That is the question. It’s one of the most common questions I am asked. Certainly because ELEAD1ONE has one of the largest automotive only call centers, and I am, therefore, knowledgeable on the topic, but also because the latest trend is leaning back toward building the BDC in the store. Most people would assume that I am biased against an in-house BDC – not true. I think if done correctly they are a great advantage for dealerships. The downside, however, is the enormous list of challenges that come with building an internal BDC.

The biggest challenge is the human resource issue. Qualified people are hard to find, hard to train, hard to keep and even harder to manage. Lets face it, if great salespeople were easy to find, and were so versatile in their skills that they could easily jump from the showroom floor to the phones to the Internet – successfully scheduling appointments and converting those appointments into sales day in and day out, no dealer would ever dream of adding the expense of any type BDC. The most common rebuttal I hear from dealers when discussing BDC versus VBDC (Virtual BDC) is “why should I pay someone else to do the job my salespeople should already be doing?” My answer is always the same: because typically they are not “wired” for that part of the job.

Look, good salespeople in this business are built for face-to-face interaction. They have the A-type personality traits that lean toward assertiveness, eagerness and thirst for competition -these are good things. We can accept the “no” that often comes with selling and move on to the next opportunity. We have drive and ambition. We thrive in the spotlight and interact well with people. But we also have the patience of a gnat. We see something that is shiny, and we chase after it. So those same good traits also are a detriment to having the patience required for making numerous dials and attempts to get customers back on the phone, and into the store. Additionally, we lack the interaction skills that it takes to be successful when communicating 100 percent verbally. The great presentation skills that a salesperson needs to be successful on the showroom floor do not translate well over the phone or in an email. Until it becomes commonplace to buy a car via Skype or FaceTime, that’s just the way it is.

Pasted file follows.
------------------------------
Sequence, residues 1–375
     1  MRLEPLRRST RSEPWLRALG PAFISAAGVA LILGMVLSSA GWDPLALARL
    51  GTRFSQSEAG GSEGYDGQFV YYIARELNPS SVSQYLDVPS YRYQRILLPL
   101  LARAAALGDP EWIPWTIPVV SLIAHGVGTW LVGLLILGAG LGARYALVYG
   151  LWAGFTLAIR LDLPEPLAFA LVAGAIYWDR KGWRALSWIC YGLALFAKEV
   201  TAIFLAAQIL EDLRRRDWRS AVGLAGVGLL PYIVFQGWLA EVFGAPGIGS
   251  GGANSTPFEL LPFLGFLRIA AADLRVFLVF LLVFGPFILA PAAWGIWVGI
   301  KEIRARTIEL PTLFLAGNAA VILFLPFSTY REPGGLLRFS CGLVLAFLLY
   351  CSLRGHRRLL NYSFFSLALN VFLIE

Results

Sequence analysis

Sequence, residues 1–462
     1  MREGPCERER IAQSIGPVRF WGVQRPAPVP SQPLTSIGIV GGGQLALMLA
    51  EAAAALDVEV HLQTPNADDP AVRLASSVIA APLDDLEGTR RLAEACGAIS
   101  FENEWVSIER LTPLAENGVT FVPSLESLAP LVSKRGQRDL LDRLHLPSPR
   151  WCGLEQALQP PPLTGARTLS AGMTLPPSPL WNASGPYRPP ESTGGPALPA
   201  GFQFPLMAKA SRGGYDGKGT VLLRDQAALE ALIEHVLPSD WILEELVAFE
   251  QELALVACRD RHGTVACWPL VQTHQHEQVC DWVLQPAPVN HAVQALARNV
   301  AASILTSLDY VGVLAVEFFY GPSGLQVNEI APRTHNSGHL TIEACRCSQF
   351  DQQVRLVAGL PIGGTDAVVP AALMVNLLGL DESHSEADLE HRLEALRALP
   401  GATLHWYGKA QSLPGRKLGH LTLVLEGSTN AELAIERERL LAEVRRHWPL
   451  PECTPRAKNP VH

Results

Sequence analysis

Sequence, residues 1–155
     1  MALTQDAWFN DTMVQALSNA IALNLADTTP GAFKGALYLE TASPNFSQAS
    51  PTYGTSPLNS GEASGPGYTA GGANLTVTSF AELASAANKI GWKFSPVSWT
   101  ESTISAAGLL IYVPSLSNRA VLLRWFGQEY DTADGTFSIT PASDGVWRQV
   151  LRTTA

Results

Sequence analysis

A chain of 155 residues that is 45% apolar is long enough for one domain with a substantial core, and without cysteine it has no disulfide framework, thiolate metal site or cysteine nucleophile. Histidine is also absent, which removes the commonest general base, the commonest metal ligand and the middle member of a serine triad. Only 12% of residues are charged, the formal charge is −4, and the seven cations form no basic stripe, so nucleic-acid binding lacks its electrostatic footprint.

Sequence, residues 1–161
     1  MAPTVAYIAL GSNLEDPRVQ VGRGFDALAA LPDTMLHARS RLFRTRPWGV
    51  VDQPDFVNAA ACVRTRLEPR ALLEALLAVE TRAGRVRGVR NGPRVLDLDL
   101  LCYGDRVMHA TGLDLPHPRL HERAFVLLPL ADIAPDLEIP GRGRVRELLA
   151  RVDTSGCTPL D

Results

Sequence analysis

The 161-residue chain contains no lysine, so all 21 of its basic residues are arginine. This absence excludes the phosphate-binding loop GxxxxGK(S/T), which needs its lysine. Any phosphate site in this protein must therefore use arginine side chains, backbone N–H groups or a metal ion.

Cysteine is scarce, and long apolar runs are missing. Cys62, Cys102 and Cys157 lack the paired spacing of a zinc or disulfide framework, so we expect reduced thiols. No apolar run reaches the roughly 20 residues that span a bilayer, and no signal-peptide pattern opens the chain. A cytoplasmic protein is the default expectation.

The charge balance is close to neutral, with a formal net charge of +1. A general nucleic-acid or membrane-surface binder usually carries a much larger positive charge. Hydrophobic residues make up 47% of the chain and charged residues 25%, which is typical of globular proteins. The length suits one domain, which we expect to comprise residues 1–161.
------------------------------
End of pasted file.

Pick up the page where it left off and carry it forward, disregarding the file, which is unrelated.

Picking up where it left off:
In my opinion, in order to make an internal BDC thrive, you need a different mindset and need to learn to embrace the various personality traits it takes to breed success. The BDC requires a whole new type of person. Most critically, you have to have someone who can recruit team members, train and manage them, and then do it all again because of the high turnover rate. You could consider investing further in an outside company to train and recruit, further increasing the cost factor if you don’t have that supervisory person available or if who you do have in place leaves for a better pay plan at Down the Street Motors. As the great orator Notorious BIG said, “mo money, mo problems.” Any business leader or GM will tell you, one of the biggest challenges in any company is managing people and/or their issues. The bigger you get, then the more employees you have with issues: HR, conflict, training, production, execution, and so many countless outside influences. In other words, you have to weigh the potential success against the challenges that go along with it.

So how do you solve this riddle? Well, obviously I could recommend an outside company to handle your BDC tasks for you, taking those risks on themselves, and in almost all cases, significantly reducing that cost and liability, all while working seven days a week without vacations or HR issues. Oh, and you could always fire them without any retribution. But that would be biased and self-serving. My recommendation if you have your heart set on building a BDC internally, or if your manufacturer for some reason insists that this will be a good thing for you, start small and make it a hybrid. Leverage a great company that can do the heavy lifting for you by making the thousands of dials it takes each month, even for a medium sized store, to connect with all of your customers – past, present and potential. At the same time, have a two-person team serve as your internal BDC. Let them handle the communication hand-off and add that personal touch. They can confirm appointments, answer additional questions for the hand-raisers that are reached by the VBDC. They can add your culture to the conversation and concentrate on those that may need more attention versus dedicating an entire team to finding those potential targets. You can do this at a drastically reduced cost from setting up a five-to-six person BDC that also needs to be managed adding even more cost.
Once you have this process down (your vendor should help you fine-tune it) you can expand.

My recommendation for the next step is to start with your internal BDC answering incoming service calls – they are easier calls, and you will see immediate ROI lift with additional appointments and service RO’s. Just like salespeople, Service Advisors are built for a different experience and working the phones is not one of their strong suits. I understand that there are exceptions and that there are dealerships that have that one special person who can do both, but the majority in our industry do not fall in that category. If they did then you would not be considering any BDC, virtual or otherwise. The process would already execute successfully, and you would have more important problems to focus on, like needing more service bays or techs or more vehicles to sell. Now, those are great problems to have!